One of the more devilish areas was the peat fields of Konnunsuo swamp as well as Hyvättilänsuo swamp, which were around CP11-CP15. The terrain and enemy presence left very little reasonable routes to utilize and we got picked off by a sniper once, despite using a rut. Lesson learned; we got really low and enjoyed everything the spring swamp offered.



A good fighter avoids uncomfortable things, like getting wet, to maintain combat readiness.

Step by step

Our patrol maintained high morale through the whole march. A few times we messed up with orienteering and some alternative route choices could have been made, but those were the worst setbacks we had - nothing major. We had some breaks according to need while maintaining momentum. Each of us had a beer in mind after crossing the finishing line, and when it comes to treats like that, sooner is better.

Overall we were on the move for 17 h 59 min and stopped for a combined 3 h 13 minutes. Pretty good ratio. The distance travelled was 74.3 km (46 mi). With task bonuses deducted and time penalties added our total time was 20 h 33 min, which got us 10th place. The march left a good feeling: Encouraging support was present, the organizing was functional and the terrain, routes and opposing forces provided challenges for the whole money.



We didn't suffer from GPS jamming, these are accurate stats.

Pro tips

Orienteering and choice of routes. A little time spent beforehand can save a huge amount of time and effort later. Especially when you're tired and in the dark, think before you move.

Boots with membrane were a short straw. At some point you're up to your knees in the bog anyways, and at that point the membrane keeps water inside.

Make planned breaks and only do things that help you recover and maintain readiness. This eliminates unnecessary sitting around.

Example kit list

Road division

The other challenge was marching on the roads, where the patrol had to tackle 50 kilometres (31 mi) of movement by foot with a 12-hour time limit. The route went along roads in Joutseno, offering a variable marching experience. Our patrol had the ambition to make it in less than nine hours. Here are some thoughts from along the way:

"The march went without trouble with high spirits, which is always a good thing. Afterwards, my condition dipped because of exhaustion. Still, I'm happy to have been there and being able to finish. Some things I learned on the way: whenever you change socks, keep a towel or rag handy to dry your feet, and put some vaseline between your toes.”

“During the SCMM march the feeling was consistently good. The biggest reasons for this were the optimum marching weather and the route plans we made together, which included breaks for changing socks, lengths of breaks and dedicated tasks for each member during the march. Things were considered before any of it got to us. We also had a time goal, which was broken down into short legs to keep track of our advancement during the march.”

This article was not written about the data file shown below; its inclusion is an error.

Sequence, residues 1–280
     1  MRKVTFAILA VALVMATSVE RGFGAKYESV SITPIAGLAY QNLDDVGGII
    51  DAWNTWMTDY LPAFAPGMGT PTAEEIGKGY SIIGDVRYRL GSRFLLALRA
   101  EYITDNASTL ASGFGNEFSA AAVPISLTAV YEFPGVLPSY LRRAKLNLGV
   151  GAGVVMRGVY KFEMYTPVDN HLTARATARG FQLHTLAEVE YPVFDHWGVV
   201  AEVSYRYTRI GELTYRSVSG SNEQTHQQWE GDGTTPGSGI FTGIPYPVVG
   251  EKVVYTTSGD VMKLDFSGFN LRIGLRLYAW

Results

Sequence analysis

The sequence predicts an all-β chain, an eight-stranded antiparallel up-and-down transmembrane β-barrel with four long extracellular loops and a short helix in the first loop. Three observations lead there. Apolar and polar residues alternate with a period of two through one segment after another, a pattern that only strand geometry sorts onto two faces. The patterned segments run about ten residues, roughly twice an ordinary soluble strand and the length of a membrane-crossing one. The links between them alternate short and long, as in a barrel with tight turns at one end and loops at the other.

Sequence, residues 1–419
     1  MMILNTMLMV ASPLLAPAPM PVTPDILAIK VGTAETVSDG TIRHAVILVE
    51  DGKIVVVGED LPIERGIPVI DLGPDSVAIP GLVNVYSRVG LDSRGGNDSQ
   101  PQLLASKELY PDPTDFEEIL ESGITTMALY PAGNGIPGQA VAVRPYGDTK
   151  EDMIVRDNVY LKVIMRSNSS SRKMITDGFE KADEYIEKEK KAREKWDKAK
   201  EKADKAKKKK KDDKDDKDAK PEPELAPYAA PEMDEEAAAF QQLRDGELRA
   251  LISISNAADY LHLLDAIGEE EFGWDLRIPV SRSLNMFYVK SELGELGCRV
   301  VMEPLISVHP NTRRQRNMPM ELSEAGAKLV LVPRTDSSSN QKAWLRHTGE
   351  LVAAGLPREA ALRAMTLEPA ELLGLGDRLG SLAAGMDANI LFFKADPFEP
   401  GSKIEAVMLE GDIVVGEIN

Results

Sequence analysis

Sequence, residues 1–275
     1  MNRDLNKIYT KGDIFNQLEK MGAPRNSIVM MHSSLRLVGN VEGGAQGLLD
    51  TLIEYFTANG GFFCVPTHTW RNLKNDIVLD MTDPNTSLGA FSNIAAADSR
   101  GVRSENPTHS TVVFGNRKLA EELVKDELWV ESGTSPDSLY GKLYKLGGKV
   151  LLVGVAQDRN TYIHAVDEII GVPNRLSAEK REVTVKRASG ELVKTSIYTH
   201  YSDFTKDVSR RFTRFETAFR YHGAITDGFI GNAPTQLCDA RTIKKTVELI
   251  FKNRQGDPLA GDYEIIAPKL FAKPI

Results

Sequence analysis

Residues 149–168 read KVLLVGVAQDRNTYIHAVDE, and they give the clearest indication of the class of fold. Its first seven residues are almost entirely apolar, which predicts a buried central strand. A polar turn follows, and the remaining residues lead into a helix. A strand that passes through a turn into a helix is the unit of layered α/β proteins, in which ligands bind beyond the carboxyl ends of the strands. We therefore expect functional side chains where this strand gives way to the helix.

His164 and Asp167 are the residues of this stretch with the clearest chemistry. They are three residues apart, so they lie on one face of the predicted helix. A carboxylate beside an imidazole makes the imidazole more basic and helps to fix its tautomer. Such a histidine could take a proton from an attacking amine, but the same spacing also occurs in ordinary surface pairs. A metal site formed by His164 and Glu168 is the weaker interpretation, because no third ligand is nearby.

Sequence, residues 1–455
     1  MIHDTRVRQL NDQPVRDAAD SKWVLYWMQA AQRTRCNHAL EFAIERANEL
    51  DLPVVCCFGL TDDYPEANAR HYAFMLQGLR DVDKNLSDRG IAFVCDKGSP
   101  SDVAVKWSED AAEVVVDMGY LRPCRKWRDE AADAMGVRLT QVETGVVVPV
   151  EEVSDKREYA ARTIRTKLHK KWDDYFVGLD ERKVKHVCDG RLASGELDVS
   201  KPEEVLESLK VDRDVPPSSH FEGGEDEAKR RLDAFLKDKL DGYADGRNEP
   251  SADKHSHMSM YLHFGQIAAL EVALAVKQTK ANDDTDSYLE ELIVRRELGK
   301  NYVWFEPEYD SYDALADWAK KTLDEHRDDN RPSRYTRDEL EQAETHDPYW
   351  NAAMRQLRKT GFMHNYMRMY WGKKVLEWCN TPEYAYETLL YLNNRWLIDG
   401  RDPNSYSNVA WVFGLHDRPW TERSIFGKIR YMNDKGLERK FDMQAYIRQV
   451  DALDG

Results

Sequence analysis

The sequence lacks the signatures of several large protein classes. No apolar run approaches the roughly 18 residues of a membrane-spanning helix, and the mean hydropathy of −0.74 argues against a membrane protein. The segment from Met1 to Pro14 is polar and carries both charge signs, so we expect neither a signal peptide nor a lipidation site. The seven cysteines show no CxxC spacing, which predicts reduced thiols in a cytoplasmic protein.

The time goal was sadly not achieved this time, but our patrol did keep up a good pace. The final time was 9 h 46 min, which got us the 6th position in open category and 13th of 32 among all participants.



On-road marching demonstrated by our off-road patrol.

Pro-Tips by Tervis

Practice marching, do it for real! Make calendar dates beforehand and stick to them. March in different conditions, vary the lengths and surfaces, remember to walk up some hills as well. Set goals, timed and otherwise, and when you reach them, set harder goals. Use a Sports Tracker or other means to keep track.

Learn to dring a swig of water every half an hour, even though you really don't need any hydration during shorter practice runs. Be dutiful about recovery! Learn how to maintain readiness before the march, during and afterwards. My principle was to remain combat ready after any march.

Remember energy intake during the march. Figure out beforehand what you'll eat and when. Carbs will run out after roughly 90 minutes after the start, so replenish them way beforehand. I kept an eye on my wristwatch and ate according to my plan. Carb gel worked well for me, I ate one every half an hour, which added up to 20 bags, much to the horror of my marching companions.

I also ate some mini salami and salted peanut-raisins every 30 minutes. For drinks, I had prepared 3 litres of Hartsport and 1 litre of water (adds up to a gallon of liquids). I ate on my feet and had no separate breaks for eating.

I taped my feet with some Leukoplast beforehand. This worked for me to avoid blisters. I changed my socks once. I put some vaseline between my buttocks and toes to avoid chafings, which worked for me. Keep these tips in mind!

Our medical bag had some magnesium powder for a quick need, a pack of Ibuprofen and tablets against heartburns and allergies.

Tracking and monitoring apps drain your battery, so keep a power bank with you.



No medikit compares to the care of your mates.

Gear list



Area of operations on a map.